• God cannot sin (Aquinas / Anselm) – limitation of power
    • Power beyond human comprehension and ability e.g. miracles
    • Descartes: God can do the logically impossible e.g. change laws of physics
    • X J.L.Mackie logical impossibilities do not exist
  • 9. What does it mean to say God is ‘omniscient’?
    • All-knowing/ all-seeing
    • Aquinas: “God’s knowledge is not reasoned or discursive, though he knows all reasoning and processes”
    • God knows all true propositions
    • God knows 2+2=4 but does not know 2+2=5
    • Truths of mathematics and logic
    • And empirical truths
  • 10. Omniscience
    • Anselm “you are supremely perceptive.”
    • Omniscience : unlimited knowledge. Past, present and future. God is outside of time – knows whole of time from beginning to end (eternal)
    • Limited omniscience : limited to what is logically possible. God chooses to limit what he knows = human freewill. God's knowledge changes overtime (everlasting)
  • 11. Why might God’s omniscience pose a problem for free will?
    • Does God’s all-knowingness include knowledge of future events?
    • Divine foreknowledge:
    • God foreknows all my acts
    • What God foresees must come to pass
    • Therefore, if my acts must come to pass, then they cannot be free
    • Determinism must be true- no freewill
  • 12. Possible solutions?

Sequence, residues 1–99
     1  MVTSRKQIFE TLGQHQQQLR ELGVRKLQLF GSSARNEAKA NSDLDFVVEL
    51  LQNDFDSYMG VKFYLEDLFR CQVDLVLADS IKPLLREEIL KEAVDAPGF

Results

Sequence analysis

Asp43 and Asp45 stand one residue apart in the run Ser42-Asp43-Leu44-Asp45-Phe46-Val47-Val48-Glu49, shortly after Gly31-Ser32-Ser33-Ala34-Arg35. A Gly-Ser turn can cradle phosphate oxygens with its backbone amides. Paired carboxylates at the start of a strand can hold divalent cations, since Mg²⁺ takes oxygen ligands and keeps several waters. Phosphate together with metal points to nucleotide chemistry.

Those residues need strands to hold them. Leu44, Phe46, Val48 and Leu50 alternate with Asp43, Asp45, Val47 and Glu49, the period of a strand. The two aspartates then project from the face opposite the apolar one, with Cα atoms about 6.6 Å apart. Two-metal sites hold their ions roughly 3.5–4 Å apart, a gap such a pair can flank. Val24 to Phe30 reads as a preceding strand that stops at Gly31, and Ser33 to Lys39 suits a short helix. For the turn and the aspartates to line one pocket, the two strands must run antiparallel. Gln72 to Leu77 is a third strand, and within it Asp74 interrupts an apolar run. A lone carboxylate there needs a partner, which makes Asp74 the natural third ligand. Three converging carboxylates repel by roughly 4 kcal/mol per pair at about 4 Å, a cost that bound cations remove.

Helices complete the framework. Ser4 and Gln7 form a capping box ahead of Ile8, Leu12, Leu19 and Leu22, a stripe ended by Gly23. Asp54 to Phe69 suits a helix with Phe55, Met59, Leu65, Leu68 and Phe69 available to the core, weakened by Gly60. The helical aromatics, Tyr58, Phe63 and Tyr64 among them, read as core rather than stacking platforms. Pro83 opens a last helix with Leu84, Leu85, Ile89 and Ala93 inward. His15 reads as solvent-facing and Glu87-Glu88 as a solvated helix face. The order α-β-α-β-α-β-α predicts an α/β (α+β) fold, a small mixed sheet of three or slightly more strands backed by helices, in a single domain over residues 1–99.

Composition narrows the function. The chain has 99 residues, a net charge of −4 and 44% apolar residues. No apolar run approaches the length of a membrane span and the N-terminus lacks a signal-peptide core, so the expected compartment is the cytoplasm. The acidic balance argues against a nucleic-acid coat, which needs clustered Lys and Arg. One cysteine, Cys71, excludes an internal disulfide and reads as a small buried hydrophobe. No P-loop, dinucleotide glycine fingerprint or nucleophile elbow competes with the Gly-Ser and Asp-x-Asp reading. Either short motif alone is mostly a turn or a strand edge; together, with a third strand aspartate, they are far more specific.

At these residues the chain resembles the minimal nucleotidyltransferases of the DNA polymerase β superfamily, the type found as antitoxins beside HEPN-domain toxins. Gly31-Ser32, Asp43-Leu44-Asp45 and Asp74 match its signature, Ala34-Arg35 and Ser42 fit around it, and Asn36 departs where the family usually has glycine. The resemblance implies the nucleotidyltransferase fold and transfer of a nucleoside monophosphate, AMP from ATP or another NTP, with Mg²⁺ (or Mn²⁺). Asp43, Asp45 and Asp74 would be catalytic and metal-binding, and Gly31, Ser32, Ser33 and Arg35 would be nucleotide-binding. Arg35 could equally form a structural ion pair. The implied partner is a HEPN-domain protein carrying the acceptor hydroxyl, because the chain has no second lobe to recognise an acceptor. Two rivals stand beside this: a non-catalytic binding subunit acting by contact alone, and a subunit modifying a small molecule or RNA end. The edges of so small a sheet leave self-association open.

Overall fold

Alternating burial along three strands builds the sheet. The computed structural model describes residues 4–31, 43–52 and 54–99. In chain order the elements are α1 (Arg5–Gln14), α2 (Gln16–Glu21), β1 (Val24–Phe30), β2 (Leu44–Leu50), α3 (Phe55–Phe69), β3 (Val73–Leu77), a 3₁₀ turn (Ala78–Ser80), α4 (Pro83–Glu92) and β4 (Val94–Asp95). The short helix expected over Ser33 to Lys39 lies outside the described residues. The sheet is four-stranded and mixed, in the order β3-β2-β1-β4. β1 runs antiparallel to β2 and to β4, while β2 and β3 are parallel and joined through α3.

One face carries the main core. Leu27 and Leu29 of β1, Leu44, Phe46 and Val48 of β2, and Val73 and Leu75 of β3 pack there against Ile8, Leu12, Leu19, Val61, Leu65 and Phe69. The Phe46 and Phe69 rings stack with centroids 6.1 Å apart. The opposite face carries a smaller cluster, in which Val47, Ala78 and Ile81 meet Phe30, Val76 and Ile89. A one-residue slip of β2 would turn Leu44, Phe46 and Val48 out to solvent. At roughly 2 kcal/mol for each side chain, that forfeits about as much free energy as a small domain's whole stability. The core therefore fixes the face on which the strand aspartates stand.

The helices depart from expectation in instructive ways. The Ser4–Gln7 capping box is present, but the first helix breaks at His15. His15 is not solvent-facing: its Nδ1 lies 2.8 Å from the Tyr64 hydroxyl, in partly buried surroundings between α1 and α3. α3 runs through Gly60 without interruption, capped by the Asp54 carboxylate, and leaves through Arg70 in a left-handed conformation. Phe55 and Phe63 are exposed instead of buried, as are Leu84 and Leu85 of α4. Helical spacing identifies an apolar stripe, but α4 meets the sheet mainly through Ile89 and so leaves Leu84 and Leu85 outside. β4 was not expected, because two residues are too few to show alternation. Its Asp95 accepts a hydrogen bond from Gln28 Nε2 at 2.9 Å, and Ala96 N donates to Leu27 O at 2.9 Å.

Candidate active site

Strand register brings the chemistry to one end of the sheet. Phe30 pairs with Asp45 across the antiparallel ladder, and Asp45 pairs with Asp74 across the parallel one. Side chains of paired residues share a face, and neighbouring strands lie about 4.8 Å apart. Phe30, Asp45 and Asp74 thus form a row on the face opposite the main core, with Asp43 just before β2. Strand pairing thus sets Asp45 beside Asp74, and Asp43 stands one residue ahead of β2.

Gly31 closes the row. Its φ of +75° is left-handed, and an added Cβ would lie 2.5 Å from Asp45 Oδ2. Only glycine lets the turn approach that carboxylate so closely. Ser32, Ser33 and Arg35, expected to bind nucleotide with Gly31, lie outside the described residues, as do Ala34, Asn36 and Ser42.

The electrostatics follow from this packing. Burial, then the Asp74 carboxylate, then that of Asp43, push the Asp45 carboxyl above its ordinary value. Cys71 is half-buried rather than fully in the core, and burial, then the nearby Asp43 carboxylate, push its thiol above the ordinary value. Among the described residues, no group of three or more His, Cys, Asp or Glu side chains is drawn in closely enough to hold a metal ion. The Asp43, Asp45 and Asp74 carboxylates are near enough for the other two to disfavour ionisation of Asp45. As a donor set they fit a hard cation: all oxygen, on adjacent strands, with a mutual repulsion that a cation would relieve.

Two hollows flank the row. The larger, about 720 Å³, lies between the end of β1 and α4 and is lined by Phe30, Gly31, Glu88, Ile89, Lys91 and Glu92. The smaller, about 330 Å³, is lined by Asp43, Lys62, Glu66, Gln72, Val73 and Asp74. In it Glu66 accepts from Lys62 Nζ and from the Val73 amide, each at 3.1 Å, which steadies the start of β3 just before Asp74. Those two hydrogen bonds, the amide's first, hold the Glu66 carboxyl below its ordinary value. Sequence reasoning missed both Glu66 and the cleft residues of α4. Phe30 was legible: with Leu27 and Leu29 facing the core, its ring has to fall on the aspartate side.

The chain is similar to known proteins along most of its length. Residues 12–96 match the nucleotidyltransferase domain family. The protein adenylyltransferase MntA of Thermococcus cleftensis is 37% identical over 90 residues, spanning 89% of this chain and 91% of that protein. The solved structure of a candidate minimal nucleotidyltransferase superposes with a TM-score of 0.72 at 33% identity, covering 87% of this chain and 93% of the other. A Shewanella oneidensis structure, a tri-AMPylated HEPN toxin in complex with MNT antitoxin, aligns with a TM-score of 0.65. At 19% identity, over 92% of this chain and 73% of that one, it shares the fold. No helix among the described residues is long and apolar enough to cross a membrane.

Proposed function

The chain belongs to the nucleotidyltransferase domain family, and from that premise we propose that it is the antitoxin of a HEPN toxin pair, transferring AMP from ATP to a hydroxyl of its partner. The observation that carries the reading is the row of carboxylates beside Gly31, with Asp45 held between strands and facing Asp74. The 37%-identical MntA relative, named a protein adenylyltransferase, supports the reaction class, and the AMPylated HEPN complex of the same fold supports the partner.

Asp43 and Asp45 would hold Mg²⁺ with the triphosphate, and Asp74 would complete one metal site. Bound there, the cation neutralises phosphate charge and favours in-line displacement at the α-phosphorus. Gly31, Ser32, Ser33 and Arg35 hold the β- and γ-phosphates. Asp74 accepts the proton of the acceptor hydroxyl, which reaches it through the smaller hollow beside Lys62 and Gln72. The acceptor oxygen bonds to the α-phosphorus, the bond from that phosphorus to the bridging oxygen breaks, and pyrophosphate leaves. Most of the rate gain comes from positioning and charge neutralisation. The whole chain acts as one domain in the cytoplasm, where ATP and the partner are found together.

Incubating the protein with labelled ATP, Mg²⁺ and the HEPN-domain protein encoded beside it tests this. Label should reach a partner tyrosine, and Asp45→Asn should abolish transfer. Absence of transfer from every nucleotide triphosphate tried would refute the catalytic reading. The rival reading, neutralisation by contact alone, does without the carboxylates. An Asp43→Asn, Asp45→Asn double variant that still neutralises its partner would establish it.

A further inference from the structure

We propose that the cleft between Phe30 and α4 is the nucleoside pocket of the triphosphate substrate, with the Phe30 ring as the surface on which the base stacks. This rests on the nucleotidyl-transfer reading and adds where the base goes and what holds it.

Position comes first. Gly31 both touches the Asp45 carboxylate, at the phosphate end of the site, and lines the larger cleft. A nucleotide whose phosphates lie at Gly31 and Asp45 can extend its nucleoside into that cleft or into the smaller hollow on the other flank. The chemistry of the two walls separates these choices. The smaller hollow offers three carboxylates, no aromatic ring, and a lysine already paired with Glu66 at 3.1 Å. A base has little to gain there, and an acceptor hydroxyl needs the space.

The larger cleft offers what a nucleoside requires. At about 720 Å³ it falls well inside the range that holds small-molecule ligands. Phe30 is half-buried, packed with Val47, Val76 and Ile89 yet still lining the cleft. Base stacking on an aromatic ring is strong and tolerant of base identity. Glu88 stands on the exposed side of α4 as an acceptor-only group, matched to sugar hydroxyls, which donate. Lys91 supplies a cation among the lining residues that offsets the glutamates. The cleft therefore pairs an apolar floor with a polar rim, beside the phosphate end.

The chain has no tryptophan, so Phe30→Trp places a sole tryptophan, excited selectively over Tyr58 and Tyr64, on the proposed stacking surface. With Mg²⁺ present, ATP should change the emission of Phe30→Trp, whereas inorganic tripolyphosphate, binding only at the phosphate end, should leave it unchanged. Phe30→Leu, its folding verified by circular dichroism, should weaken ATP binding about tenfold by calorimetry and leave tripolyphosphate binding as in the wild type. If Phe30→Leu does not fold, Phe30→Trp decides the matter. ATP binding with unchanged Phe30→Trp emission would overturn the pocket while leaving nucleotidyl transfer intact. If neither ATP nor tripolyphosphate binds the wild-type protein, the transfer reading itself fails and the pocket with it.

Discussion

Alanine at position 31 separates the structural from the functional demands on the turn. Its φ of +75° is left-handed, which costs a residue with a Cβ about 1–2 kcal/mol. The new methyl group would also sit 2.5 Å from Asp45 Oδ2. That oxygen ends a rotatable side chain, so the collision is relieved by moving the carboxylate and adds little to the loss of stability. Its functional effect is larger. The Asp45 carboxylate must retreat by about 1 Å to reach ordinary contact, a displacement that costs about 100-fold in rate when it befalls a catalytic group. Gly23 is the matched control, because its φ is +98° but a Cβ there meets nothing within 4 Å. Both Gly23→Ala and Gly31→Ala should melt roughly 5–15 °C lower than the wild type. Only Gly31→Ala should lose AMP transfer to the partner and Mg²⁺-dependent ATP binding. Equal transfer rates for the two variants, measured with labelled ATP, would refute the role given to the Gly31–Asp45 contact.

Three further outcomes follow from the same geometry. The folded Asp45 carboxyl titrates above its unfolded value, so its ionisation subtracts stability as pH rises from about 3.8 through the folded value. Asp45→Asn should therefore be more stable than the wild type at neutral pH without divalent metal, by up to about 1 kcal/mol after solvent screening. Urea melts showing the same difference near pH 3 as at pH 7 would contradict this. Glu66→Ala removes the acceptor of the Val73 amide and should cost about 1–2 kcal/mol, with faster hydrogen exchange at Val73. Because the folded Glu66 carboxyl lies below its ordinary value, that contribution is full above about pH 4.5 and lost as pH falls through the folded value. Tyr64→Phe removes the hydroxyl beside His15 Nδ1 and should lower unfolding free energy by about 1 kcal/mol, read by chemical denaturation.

• Swinburne- The Coherence of Theism
    • God does not know what will happen in the future
    • An omniscient person knows every true proposition…
    • But a future action isn’t ‘true’ or ‘false’ until it has happened
    • So an omniscient being does not have to know them
    • Boethius: God has no foreknowledge = God is eternal – does not know future but all history
    • Augustine: God simply knows our choices.
    • Aquinas: God knows past, present and future, but does not interfere with this path (Walkers up the hill)
  • 13.
    • God is perceived, in classical theism as omnipotent, omniscient and Omni-benevolent
    • Total power and knowledge implies God controls the future - Divine Determinism- Calvin
    • But the problem is: how can humans still be held responsible for their actions?
    • How can human actions be judged ‘evil’ and therefore punished if they do not have free will?
    • And does this make God responsible for suffering?
    • Classic problem of evil= Epicurus & Hume
  • 14. The theodicies
    • Attempts by Christian thinkers to defend God in the face of evil and suffering
    • Augustine: Evil is a privation of good- Humans are wholly responsible for evil (deserve punishment)
    • Irenaeus: Earn perfection - Possibility of evil has to exist for the possibility of good to exist
  • 15. Problems for Augustine
    • Scientific criticism- Alternative origins to world and humankind e.g. Evolution
    • Logical error- Schleiermacher- how can absolutely perfect world go wrong? How could an omniscient/ omnipotent God let it?
    • Moral problem- if Hell exists, evil must have been anticipated- need for punishment
  • 16. Problems for Irenaeus
    • Allows for evolution idea for modern thinker
    • Is it fair for everyone to go to heaven?
    • Even if we accept suffering and evil as necessary possibilities, does it have to be so severe for us to grow?
    • DZ Philips- is allowing suffering ever an expression of love?
  • 17. Free will Defence: Hick and Swinburne
    • It was necessary for God to give us free will
    • Otherwise, we would be controlled robots
    • Life would be pointless
    • We either have complete free will or no free will
    • And this leads to possibility of any extreme of evil acts being committed